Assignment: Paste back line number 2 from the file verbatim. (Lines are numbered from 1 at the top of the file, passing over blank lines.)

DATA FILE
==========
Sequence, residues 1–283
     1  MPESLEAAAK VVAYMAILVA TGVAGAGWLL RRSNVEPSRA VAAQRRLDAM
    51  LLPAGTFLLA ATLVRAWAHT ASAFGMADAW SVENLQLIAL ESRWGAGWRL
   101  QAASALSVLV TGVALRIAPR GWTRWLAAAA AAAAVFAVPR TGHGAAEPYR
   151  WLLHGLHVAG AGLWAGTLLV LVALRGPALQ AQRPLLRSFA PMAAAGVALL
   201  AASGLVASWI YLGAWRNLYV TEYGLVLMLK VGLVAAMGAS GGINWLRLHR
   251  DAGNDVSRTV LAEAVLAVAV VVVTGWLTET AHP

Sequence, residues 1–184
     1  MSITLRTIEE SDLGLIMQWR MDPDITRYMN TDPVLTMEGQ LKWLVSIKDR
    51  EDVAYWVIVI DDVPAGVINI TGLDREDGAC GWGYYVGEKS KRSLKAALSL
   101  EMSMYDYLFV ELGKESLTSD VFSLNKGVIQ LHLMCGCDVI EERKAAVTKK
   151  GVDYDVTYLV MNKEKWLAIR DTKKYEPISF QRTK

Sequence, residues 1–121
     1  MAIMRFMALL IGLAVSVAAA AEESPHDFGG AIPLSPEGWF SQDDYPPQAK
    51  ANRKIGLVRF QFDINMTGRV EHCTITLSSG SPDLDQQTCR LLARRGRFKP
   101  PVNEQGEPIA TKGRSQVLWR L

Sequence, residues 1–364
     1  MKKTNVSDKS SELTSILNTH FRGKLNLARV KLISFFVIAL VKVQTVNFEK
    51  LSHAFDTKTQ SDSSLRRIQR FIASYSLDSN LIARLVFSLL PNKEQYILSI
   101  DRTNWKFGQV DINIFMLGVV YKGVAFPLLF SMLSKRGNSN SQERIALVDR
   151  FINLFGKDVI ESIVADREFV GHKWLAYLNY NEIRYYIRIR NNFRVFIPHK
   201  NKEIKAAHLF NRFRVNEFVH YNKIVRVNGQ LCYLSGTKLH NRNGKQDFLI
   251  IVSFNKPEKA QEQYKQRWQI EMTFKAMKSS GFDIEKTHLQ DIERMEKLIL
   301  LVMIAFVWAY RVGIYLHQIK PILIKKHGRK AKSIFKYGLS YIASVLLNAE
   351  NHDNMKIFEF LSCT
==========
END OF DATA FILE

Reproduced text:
     1  MPESLEAAAK VVAYMAILVA TGVAGAGWLL RRSNVEPSRA VAAQRRLDAM